Washington, DC and Ottawa, ON--North Carolina State University is investigating the crucial role that SFI-certified forests play in facilitating landscape connectivity in a changing climate. Landscape connectivity represents the extent to which a landscape supports the ability of plants and animals to move across the landscape. Some species with a limited range, like salamanders or pitcher plants, depend on connected landscapes to maintain healthy populations.
Connecting habitats has long been recognized as one of the keys to supporting conservation in landscapes dominated by people. But rapid changes to the earth's climate and land use patterns mean new research is needed to ensure that conservation potential is maximized, while mitigating climate change impacts and limiting the loss of biodiversity.
"We know that maintaining and enhancing connectivity is key to reducing the effects of habitat fragmentation from climate and land use change. This project represents an exciting evolution in how we think about connectivity and highlights how important managed and restored forests are to reconnecting the landscape. We're thrilled to be partnering with SFI on such a relevant issue in North Carolina," says Tina Mozelewski, a PhD Candidate at North Carolina State University.
The goal of this project is to forecast the growth patterns of forests in the Piedmont and Sandhills regions of North Carolina under high and low climate change scenarios and land use changes, both of which influence landscape connectivity. The project will also quantify how these forests, especially restored longleaf pine and managed forest areas, contribute to landscape connectivity.
Results from this and other studies provide a critical resource for all SFI-certified organizations by helping to enumerate outcomes related to biodiversity conservation, and climate change mitigation on lands influenced by the SFI Forest Management Standard and the SFI Fiber Sourcing Standard. Identifying positive conservation outcomes, key learnings, and opportunities for improvement on the SFI landbase is critical to continual improvement of the SFI standards.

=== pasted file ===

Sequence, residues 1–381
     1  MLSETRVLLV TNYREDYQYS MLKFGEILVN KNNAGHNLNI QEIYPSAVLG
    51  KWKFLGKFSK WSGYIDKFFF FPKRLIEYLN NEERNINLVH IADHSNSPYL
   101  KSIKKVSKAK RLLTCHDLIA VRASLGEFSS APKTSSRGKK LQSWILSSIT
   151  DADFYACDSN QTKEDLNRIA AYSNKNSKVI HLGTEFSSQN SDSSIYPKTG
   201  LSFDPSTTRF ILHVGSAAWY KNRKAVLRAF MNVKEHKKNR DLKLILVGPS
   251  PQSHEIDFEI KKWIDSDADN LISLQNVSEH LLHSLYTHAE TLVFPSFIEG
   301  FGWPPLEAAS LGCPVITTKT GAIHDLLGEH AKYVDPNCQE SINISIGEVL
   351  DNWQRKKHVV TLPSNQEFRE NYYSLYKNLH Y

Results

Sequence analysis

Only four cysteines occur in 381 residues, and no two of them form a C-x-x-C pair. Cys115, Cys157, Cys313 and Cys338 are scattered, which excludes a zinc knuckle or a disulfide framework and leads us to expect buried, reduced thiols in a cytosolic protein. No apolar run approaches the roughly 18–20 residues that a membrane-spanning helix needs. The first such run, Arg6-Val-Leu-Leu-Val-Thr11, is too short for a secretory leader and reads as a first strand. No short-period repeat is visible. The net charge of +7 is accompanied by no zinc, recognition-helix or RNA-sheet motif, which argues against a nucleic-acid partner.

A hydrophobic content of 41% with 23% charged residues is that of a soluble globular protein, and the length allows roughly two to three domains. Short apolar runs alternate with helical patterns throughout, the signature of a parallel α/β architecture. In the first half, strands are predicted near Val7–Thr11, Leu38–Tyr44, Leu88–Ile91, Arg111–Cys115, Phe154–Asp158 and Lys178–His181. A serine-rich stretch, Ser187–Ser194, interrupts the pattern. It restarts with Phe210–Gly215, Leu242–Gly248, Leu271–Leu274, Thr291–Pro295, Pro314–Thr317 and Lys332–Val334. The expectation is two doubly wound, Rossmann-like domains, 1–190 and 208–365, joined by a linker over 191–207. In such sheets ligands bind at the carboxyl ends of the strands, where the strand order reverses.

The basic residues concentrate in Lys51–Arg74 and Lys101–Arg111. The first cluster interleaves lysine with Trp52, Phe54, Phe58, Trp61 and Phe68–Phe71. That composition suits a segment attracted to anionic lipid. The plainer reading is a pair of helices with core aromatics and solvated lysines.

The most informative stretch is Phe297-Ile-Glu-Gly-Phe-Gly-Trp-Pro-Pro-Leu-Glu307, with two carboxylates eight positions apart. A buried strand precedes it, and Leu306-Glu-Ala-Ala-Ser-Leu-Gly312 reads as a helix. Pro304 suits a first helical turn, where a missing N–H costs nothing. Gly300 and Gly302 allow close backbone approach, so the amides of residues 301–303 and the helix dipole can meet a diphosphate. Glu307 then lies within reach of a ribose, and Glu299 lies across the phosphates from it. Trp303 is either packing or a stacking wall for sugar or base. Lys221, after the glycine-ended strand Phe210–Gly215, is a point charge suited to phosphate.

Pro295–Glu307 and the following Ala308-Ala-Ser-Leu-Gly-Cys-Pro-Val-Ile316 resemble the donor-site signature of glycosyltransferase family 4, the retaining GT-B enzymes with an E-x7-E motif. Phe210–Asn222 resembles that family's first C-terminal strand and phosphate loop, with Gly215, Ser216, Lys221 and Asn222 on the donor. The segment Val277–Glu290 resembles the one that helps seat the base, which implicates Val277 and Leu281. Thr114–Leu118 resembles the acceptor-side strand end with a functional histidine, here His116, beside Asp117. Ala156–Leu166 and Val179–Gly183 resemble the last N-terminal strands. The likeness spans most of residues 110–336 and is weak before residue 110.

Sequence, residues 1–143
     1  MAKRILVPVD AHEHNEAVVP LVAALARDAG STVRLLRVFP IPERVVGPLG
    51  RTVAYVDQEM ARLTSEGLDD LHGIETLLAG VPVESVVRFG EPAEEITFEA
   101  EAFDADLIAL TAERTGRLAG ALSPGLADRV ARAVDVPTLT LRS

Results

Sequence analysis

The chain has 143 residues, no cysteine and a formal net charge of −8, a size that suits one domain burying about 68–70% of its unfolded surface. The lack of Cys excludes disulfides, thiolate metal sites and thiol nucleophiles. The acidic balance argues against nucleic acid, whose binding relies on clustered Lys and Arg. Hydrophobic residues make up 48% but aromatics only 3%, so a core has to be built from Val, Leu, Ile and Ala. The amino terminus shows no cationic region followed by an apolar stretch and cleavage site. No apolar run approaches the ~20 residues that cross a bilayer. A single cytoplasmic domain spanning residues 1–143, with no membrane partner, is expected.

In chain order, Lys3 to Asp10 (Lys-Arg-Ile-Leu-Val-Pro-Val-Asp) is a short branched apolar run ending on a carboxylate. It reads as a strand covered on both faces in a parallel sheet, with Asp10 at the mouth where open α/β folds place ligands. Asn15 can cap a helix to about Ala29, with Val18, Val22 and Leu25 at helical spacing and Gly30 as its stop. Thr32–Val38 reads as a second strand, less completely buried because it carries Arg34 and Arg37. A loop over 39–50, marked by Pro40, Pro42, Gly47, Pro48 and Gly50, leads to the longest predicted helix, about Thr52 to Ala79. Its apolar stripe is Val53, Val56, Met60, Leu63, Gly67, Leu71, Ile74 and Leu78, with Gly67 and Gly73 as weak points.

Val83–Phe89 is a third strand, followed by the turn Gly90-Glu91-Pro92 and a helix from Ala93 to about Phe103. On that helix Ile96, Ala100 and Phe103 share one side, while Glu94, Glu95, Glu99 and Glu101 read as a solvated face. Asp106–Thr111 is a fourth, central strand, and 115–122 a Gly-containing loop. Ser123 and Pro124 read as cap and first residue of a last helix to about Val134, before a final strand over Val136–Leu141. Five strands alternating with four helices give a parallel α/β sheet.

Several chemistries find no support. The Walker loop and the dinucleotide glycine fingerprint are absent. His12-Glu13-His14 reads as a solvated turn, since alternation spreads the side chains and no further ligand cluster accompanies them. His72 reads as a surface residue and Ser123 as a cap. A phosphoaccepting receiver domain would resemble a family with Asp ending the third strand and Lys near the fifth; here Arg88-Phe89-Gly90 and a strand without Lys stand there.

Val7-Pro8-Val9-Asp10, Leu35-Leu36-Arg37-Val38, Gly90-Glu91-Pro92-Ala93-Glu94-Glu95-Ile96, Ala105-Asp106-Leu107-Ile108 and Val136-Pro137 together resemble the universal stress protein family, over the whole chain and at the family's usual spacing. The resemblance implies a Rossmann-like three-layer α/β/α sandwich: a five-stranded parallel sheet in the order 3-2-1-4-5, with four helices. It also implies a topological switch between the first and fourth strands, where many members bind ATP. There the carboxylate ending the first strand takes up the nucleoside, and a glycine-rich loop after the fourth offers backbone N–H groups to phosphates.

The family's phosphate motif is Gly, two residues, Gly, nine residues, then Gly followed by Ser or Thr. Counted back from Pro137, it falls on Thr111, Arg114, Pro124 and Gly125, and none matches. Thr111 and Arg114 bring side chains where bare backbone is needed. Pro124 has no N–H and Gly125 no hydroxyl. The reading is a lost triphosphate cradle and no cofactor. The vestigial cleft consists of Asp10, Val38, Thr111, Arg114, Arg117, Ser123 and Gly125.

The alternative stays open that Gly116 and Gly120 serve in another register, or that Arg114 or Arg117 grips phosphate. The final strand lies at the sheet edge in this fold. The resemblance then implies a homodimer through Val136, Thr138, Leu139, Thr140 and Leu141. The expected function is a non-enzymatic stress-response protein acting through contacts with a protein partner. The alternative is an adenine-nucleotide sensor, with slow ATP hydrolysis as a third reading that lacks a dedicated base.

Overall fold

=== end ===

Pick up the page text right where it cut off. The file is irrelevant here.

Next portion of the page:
"This work will illustrate the unique role of sustainably managed forests in contributing to the habitat needs of highly mobile species, facilitating corridors for species movement, and clarifying how the unique attributes of SFI-certified forests help build resilient landscapes under changing climatic conditions," says Paul Trianosky, SFI's Chief Conservation Officer.
A collaborative partnership
"Collaboration is at the heart of the SFI Conservation Grants Program. It fosters partnerships between organizations interested in measuring conservation outcomes and motivating improved forest management and responsible procurement. This project brings together academics, NGOs, forest producers, and government agencies to help ensure a positive future," Trianosky says.
Weyerhaeuser, an SFI-certified company, is interested in using the results of this study to inform outreach to private landowners, to help enhance their forest management practices. Domtar, an SFI-certified company, is interested in learning more about longleaf pine restoration under climate and land use change, and how these efforts will advance landscape connectivity in the study area.
The Southeast Climate Adaptation Science Center has provided both funding and critical knowledge about the climate and forests of the southeast, which have been used to develop the cutting-edge LANDIS-II Landscape Change Model. The South Atlantic Landscape Conservation Cooperative and the U.S. Fish and Wildlife Service are also active project partners collaborating on connectivity inputs and methodologies for the LANDIS-II.